8. #68
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    Re: VWFRR -- All Gone?

    There is also a surfeit of Old Potrero labels out there. The most recent, Old Potrero "Straight Rye" Whiskey--sometimes labeled is no cheaper than the others, but is bottled at 90 proof, so the "bang for the buck" isn't there anymore. There are a bunch of different cask-strength bottlings of Potrero through the years--"18th Century Style" (two years or so in uncharred wood), "19th Century Style" (three years in charred wood, was replaced by the regular straight rye), "Single Malt Spirit" (California only), which is the same as..."Single Malt Whiskey" (two to two-and-a-half years in uncharred wood). It's very confusing, and I'm wondering if Anchor intended the 90 proof bottling to be the same price as the cask strength ones, or if distributors and such (1) got confused or (2) saw a way to make a few extra simoleons.

  9. #69
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    Re: VWFRR -- All Gone?

    Most whiskey bottled as "straight rye" is made from a mashbill of about 51% rye, a bit of malted barley, and the rest corn. (Old Overholt is a little higher in the rye percentage, IIRC.)
    This is what I remembered, too, but when I looked up mashbills recently in Regan & Regan, it seems they were led to believe that 65% is more the standard.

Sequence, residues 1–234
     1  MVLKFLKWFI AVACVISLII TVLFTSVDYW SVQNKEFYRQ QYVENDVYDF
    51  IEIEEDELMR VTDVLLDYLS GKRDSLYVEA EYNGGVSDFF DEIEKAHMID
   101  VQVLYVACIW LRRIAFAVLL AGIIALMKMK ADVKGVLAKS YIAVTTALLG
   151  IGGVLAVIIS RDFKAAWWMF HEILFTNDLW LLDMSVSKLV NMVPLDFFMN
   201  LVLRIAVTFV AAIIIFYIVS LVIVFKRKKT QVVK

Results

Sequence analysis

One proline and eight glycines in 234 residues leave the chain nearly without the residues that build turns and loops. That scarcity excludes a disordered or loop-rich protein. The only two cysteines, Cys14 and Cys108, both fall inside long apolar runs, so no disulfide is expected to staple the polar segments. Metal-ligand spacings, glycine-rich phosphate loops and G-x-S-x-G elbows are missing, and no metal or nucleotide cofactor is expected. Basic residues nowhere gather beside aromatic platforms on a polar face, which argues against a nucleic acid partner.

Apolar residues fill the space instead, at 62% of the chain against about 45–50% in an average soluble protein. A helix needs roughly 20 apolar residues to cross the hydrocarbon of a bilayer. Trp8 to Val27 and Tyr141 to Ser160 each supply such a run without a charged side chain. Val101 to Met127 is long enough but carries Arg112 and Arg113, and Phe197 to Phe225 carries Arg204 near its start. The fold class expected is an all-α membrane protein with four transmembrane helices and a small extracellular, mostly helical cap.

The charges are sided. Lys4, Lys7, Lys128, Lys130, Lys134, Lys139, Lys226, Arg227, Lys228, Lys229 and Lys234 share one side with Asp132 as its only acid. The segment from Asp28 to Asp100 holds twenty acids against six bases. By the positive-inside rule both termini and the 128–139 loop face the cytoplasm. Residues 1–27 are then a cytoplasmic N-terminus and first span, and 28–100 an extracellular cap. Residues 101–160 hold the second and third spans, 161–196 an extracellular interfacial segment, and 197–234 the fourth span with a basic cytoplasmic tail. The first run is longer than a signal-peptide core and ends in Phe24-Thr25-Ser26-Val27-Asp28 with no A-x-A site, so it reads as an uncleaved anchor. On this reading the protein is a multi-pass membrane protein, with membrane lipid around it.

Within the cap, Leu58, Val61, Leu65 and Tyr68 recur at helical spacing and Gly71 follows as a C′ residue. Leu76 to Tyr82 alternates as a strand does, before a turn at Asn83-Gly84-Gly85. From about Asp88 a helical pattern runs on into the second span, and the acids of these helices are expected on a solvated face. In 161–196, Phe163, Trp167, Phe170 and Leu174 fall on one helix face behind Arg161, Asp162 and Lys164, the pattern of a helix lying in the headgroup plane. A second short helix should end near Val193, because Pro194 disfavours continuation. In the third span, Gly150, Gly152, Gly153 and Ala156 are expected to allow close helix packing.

Regan & Regan list both Heaven Hill and Wild Turkey as having 65% rye, 23% corn and 12% barley malt.

    IIRC the George Washington recipe was about 65% rye, 30% corn and 5% malted barley. I'm not sure if some of the rye was malted, as 5% would be a pretty low number for malt.

    Of course, whiskey writers never seem to report the same "facts", to the point that one wonders if they are speculating or if distillers make sport of supplying them with disinformation. Murray writes that WT would have about 55% rye, HH about 52%, Beam 51%, and Overholt at 61%.

    These numbers would be more in line with VW rye, which I believe Julian once wrote here on sb.com that it was at a "barely legal" level above 51%.

    So which writers is one to believe? Chuck, of course, but I can't recall without some research if he's ever weighed in on this rye mashbill thing.

    Roger

  10. #70
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    Re: VWFRR -- All Gone?

    Thanks for the information. I just stopped by the liquor store to pick up the bottles of Buffalo Trace, and what did I find on the shelf…they have 8 bottles of Van Winkle Family Reserve Rye! Its not listed on the State site that they had it, so it was a nice surprise. I picked up a couple (33.35 each). I am looking forward to giving it a try.
    If you other WA folks are interested it’s the store at 1302 6th Ave, in Seattle.